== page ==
We think you may also enjoy reading this article: Peppermint Tea: What It’s Used For, Contraindications and Preparation

The uses and possible benefits of sassafras tea

In folk medicine, sassafras tea is associated with analgesic, antimicrobial, antiparasitic and anti-inflammatory properties. So far, only test tube and animal studies have evaluated its potential to contribute to wellness.

However, researchers have determined that more research is needed to consider it as a treatment option in humans. In fact, it’s cautioned that its side effects may outweigh the benefits.

Anti-inflammatory potential

One of the active compounds in sassafras tea, sassarandainol, has been linked to decreased levels of inflammation. In a research reported in Natural Product Research, this substance – together with 10 other compounds of the plant – exhibited anti-inflammatory properties.

Thus, the intake of this beverage is linked to a positive impact on immune function and prevention of chronic diseases. Inflammation is associated with pathologies such as cancer, cardiovascular disorders, and diabetes.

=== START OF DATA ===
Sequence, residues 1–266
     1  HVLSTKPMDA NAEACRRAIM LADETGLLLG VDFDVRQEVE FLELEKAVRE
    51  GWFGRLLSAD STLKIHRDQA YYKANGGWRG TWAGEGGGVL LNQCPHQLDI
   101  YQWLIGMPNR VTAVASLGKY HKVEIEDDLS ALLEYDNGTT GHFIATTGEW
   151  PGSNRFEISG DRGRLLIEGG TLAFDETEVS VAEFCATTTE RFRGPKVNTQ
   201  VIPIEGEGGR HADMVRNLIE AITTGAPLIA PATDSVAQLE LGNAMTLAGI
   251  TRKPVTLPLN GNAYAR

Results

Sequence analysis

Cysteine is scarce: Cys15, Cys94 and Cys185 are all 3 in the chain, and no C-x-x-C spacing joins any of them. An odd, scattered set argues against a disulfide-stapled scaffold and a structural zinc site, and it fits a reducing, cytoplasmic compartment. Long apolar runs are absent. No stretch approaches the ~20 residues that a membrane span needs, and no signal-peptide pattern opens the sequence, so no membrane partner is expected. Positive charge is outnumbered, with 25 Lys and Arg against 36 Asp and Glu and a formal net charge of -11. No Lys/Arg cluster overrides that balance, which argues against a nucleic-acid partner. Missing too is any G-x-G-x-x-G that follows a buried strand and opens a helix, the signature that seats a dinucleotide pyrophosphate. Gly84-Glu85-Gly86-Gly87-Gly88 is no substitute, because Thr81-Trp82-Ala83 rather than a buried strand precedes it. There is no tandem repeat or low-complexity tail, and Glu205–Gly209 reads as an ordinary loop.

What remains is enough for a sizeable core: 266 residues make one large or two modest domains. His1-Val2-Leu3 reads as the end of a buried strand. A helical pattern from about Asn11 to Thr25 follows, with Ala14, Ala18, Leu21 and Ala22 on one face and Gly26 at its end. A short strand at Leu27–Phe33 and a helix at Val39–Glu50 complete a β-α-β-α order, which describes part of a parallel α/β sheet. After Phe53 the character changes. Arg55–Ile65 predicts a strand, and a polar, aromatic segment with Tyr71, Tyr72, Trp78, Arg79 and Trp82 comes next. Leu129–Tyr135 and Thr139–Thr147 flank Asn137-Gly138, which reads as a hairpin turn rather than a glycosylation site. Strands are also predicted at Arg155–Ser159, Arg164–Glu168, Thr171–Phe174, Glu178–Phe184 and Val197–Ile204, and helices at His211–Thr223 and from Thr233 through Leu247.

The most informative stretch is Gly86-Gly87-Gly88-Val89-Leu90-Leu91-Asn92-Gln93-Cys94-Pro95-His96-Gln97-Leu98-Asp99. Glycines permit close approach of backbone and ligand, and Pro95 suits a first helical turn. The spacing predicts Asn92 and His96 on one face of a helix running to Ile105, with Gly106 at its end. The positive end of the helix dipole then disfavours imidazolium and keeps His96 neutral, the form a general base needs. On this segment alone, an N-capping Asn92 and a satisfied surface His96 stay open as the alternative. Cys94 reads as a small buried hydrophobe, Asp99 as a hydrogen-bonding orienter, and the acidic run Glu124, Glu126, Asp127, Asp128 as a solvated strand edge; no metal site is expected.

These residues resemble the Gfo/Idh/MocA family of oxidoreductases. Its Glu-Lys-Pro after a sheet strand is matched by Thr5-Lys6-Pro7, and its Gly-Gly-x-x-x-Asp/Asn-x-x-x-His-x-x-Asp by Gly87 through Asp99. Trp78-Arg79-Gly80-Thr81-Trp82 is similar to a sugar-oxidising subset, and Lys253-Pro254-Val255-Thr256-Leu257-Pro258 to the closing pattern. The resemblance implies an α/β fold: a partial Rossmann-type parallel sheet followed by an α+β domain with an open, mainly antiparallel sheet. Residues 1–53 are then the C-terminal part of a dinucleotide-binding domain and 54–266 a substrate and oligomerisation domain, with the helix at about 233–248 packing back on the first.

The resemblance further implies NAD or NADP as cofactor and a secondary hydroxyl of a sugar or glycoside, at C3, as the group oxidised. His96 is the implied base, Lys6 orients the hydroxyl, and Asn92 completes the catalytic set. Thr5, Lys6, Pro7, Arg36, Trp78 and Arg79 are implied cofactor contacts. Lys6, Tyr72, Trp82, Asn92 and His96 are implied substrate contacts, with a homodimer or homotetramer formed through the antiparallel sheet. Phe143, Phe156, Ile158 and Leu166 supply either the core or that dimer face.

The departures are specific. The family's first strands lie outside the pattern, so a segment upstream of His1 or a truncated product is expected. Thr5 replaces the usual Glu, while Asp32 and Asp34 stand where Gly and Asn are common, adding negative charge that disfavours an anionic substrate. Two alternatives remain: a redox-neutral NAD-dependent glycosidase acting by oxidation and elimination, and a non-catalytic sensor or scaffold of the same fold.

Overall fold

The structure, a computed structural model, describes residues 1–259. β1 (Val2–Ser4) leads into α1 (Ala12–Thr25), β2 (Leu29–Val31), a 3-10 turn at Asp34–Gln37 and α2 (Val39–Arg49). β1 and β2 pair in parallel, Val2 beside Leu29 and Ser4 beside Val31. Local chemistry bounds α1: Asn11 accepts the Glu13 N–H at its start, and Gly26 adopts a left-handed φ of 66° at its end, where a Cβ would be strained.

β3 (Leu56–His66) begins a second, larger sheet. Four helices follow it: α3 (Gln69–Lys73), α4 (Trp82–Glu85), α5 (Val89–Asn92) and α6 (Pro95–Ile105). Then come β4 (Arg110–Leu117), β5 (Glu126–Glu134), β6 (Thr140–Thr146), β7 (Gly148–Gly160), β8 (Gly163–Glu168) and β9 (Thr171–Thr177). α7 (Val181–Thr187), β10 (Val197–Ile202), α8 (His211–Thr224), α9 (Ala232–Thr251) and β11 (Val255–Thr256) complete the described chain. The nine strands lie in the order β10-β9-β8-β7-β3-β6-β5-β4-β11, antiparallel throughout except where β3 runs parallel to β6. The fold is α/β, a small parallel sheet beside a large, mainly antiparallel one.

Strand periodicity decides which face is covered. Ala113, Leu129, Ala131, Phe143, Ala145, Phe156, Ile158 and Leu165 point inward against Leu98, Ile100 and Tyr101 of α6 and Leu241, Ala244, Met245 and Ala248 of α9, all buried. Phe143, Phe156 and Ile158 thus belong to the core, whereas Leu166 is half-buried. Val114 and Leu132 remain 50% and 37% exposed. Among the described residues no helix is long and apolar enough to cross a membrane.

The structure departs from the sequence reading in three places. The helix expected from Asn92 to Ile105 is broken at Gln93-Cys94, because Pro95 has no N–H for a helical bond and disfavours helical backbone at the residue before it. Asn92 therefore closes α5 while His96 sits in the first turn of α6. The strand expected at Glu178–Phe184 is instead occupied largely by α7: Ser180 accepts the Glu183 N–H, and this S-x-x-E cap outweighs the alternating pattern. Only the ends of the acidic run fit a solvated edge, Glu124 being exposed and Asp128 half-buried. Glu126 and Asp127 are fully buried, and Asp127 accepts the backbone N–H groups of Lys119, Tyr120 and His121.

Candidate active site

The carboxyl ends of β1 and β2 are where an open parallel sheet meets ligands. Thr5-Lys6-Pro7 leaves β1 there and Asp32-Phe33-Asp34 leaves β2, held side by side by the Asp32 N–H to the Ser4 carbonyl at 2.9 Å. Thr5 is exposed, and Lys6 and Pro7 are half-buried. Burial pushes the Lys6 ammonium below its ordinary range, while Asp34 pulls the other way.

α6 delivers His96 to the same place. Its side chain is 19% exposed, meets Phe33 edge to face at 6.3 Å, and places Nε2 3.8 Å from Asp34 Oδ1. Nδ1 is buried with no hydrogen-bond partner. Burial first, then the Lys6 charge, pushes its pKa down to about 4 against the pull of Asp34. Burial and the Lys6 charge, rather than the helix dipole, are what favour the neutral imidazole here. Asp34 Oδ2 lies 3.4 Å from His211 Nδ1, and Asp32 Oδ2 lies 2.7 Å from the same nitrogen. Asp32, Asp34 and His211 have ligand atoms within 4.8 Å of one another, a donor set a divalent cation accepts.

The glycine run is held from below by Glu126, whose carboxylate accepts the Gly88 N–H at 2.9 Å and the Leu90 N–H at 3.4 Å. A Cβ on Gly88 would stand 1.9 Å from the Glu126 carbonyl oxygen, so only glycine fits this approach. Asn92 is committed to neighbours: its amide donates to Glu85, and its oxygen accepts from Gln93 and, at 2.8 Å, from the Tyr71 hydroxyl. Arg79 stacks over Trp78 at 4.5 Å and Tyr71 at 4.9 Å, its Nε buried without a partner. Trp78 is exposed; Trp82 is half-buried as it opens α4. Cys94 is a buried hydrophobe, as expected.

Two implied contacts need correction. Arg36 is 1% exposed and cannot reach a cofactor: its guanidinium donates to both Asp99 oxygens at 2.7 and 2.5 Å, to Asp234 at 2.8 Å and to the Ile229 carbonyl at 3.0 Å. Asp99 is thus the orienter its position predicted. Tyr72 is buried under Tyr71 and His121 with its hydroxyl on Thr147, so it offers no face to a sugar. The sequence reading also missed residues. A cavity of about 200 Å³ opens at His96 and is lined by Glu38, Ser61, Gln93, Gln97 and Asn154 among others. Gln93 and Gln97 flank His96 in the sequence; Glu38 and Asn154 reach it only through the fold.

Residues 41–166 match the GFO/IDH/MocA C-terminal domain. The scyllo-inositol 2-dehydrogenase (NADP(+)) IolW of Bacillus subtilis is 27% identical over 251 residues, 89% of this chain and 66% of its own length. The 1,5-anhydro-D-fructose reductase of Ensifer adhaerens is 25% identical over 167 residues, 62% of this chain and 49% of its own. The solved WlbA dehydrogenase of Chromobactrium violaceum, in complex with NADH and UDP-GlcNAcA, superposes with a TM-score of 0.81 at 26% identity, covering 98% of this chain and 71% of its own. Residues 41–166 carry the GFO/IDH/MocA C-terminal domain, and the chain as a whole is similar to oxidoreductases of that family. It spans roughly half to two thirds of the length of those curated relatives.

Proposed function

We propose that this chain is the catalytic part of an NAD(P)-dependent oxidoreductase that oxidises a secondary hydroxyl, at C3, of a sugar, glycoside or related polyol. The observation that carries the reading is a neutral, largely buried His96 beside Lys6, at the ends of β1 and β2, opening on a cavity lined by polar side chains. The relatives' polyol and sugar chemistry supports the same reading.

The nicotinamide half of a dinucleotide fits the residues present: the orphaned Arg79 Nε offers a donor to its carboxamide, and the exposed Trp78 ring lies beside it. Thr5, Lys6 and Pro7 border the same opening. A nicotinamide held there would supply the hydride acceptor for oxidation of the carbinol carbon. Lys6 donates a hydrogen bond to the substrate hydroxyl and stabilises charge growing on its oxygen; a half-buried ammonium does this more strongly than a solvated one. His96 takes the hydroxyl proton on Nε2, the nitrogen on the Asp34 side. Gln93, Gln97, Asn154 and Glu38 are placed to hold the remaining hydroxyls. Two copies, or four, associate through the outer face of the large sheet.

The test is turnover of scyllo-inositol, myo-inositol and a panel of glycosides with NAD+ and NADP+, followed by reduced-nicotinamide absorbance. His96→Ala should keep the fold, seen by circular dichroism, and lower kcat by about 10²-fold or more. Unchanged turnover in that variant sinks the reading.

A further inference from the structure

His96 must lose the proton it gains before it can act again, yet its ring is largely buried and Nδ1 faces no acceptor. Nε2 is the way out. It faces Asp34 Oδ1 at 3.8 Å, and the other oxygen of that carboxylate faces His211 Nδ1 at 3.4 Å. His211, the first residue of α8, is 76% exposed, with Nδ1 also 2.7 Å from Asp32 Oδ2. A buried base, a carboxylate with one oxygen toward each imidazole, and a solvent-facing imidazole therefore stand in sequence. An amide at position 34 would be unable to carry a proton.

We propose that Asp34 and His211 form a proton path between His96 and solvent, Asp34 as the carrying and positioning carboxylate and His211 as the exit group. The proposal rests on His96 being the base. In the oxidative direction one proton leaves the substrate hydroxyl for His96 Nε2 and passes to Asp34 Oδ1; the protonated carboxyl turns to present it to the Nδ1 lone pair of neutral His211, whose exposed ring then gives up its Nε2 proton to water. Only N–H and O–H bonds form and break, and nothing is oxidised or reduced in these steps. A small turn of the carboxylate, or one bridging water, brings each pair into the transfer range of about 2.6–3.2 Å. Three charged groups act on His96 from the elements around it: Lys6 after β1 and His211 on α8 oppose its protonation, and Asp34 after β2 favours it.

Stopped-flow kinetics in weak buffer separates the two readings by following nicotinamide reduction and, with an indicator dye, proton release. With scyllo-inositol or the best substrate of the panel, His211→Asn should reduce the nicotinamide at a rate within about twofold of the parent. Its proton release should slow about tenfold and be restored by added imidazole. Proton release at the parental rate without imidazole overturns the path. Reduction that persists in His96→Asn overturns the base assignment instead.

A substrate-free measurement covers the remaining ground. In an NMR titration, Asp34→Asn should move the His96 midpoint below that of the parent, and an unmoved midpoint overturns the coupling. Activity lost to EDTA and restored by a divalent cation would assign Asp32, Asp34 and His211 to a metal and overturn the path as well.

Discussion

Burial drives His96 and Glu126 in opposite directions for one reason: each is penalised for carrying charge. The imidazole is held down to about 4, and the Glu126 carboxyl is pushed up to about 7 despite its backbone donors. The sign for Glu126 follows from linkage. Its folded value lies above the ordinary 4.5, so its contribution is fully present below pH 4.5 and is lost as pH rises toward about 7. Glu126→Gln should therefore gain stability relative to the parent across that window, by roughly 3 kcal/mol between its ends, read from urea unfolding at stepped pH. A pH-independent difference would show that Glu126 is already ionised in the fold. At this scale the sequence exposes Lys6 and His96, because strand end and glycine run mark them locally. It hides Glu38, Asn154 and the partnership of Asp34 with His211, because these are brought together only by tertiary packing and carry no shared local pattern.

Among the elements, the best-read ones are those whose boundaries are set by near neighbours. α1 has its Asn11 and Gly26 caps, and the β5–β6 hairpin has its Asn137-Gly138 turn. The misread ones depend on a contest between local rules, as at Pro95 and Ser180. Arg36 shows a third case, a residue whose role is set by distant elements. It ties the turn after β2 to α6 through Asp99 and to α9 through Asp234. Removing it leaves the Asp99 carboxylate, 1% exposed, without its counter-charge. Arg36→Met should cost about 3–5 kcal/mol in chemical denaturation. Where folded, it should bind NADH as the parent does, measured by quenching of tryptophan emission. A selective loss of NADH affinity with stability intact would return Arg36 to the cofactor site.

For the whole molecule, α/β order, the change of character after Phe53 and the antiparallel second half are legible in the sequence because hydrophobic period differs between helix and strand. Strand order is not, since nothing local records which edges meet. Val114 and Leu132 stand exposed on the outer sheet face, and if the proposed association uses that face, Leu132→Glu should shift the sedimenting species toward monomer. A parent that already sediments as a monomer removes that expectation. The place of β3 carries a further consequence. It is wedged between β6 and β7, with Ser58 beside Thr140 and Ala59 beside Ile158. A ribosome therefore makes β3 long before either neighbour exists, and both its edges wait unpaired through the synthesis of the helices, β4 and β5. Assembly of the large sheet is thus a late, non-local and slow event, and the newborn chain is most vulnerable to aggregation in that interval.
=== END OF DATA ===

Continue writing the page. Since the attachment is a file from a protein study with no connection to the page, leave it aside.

sassafras tea for diabetes
The explanation for the prevention of diabetes with sassafras tea lies in the ability to reduce systemic inflammation, which is a mechanism behind metabolic diseases.

Anti-parasitic properties

In a study shared through Natural Product Communications, sassafras extract showed promising effects as an anti-parasitic. In particular, it helped fight the leishmaniasis parasite, a tropical infectious disease caused by the protozoan Leishmania.